President Donald Trump made a campaign promise to Haitians to be their “greatest champions,” and hundreds gathered in Little Haiti Saturday morning to make sure he heard what they needed from him.
Protesters from across South Florida met in front of the U.S. Citizenship and Immigration Services office on Northwest Seventh Avenue to rally for the extension of Temporary Protected Status for Haitians. The immigration designation, granted by the Obama administration after the 2010 earthquake that left more than 300,000 dead, 300,000 injured and 1.5 million homeless, allows Haitians to live and work freely in the United States.
If the designation were to be revoked, the 58,000 members of the program would be deported back to a nation where more than 40,000 people live in makeshift shelters and tent homes. Haiti also faces severe housing and food shortages after Hurricane Matthew wiped out homes and farmland last year.
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A decision on extending TPS for Haitians can come as soon as this coming week, although the Department of Homeland Security has until May 23 — 60 days before the program’s July 22 expiration. Despite Haitian President Jovenel Moïse’s chief of staff, Wilson Lalue, telling the Miami Herald this week that Moïse will appeal to President Trump to extend the program for the 58,000 enrolled, no such letter has yet arrived in Washington, sources tell the Herald.
One of the event’s organizers, Marleine Bastien, head of Haitian Women of Miami, stood on a truck bed and led the crowd in a chant, which loosely translated to “Give us justice. Give us TPS and don’t let us down.”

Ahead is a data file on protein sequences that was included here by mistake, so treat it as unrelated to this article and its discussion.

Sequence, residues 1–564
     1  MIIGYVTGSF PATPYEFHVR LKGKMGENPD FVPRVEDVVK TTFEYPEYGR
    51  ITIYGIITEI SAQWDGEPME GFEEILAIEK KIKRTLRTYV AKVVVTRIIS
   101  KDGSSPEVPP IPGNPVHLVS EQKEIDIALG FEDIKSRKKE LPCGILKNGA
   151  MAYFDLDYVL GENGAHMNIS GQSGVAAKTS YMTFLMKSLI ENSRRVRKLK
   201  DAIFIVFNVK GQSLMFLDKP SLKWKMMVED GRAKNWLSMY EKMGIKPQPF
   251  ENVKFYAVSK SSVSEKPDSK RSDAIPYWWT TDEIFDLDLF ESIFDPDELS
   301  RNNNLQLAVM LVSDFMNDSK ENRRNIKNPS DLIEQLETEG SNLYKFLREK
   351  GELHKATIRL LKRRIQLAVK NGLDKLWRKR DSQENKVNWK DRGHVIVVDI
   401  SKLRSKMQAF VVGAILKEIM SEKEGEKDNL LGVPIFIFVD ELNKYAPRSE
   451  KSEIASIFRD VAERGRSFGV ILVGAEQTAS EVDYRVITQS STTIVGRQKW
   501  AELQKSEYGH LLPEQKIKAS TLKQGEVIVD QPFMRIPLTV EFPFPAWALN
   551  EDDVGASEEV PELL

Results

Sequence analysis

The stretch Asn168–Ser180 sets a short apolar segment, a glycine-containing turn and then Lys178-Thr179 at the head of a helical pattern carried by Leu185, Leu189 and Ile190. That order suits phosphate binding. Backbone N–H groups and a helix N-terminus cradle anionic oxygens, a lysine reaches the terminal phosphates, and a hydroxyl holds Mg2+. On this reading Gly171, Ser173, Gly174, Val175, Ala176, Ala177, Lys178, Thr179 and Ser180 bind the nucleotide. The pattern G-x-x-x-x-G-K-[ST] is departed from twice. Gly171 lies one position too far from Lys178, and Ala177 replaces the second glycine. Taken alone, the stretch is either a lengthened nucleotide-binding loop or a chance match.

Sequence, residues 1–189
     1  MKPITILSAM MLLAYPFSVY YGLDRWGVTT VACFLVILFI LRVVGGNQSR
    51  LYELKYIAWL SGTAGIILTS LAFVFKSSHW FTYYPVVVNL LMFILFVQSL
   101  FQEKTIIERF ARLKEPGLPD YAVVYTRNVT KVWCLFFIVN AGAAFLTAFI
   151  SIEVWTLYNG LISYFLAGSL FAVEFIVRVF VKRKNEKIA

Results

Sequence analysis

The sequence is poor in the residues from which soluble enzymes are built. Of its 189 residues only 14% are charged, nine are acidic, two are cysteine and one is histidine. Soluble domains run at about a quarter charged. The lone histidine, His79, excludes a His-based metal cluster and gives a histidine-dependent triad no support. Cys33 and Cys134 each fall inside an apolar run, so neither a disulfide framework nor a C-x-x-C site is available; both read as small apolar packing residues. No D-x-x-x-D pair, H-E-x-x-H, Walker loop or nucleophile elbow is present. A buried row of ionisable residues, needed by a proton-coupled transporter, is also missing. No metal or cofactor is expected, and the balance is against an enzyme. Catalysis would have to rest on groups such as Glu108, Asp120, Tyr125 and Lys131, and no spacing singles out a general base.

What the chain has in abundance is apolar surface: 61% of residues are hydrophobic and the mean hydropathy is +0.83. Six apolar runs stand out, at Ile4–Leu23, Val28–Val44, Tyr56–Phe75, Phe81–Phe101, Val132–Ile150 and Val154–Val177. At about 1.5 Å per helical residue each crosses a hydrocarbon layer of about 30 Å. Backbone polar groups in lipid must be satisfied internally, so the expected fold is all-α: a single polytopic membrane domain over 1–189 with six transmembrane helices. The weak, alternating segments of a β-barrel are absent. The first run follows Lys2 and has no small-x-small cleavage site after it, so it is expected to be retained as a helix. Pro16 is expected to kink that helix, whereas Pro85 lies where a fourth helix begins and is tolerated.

Around her, protesters held signs that read: “Haitian Lives Matter,” “TPS Yes, Deportation No” and “L’Union Fait La Force,” which translates to Unity Makes Strength.
They danced to music blasted from speakers or made by a crowd of musicians on drums and cymbals, chanted “TPS Now, Donald Trump,” and marched in circles on the stretch of Northwest Seventh Avenue in front of the immigration office. A woman dressed as the Statue of Liberty held a torch-shaped sign that read, “TPS is Liberty.”
Unlike most recent South Florida protests, the mood toward Trump wasn’t negative. Protesters and organizers alike repeated that they merely wanted to hold Trump to the promise he made in Little Haiti before the election, to be the Haitian people’s “greatest champion.”
“If he wants to step up to the plate and score for us, now is the time,” said Salusa Basquin, a 50-year-old teacher who moved to South Florida from Haiti in 1980.
Valerie Charlier, 25, brought her 4-year-old son, DJ Morris, to the protest. When he asked his mom why they were there, she told him, “because our people are going to be sent back to nothing.”
He rested his arms around her neck, tugging on her Spider-Man backpack as Charlier chanted, “What do we want? TPS! When do we want it? Now!”
Miami Commissioner Keon Hardemon used his turn at the microphone to tell the crowd that “everybody” should support the renewal of TPS.
“Anybody with a conscience knows that Haiti has not recovered from its natural disasters,” he said.
Protesters, like Chely Paul who held a sign that read, “We are not invisible,” believe this issue shouldn’t be controversial. Paul, 41, said “a vast majority” of the people in the TPS program send money home and provide for people “who are destitute.” Without that money flowing to Haiti, those beneficiaries would struggle.
“It always comes down to the people at the bottom of the pyramid,” she said. “It’s criminal, I believe.”
That’s what worries 53-year-old Marie Sinus, the only member of her family in the U.S. She’s lived here for 17 years and sends money home every month. Sinus swiped through pictures on her phone that her family had sent to her, showing people clustered in front of a run-down home with a corrugated tin roof.
“We’re not here for fun,” she said. “This is serious. We want to work hard and provide for our families.”
Miami Herald staff writer Jacqueline Charles contributed to this report.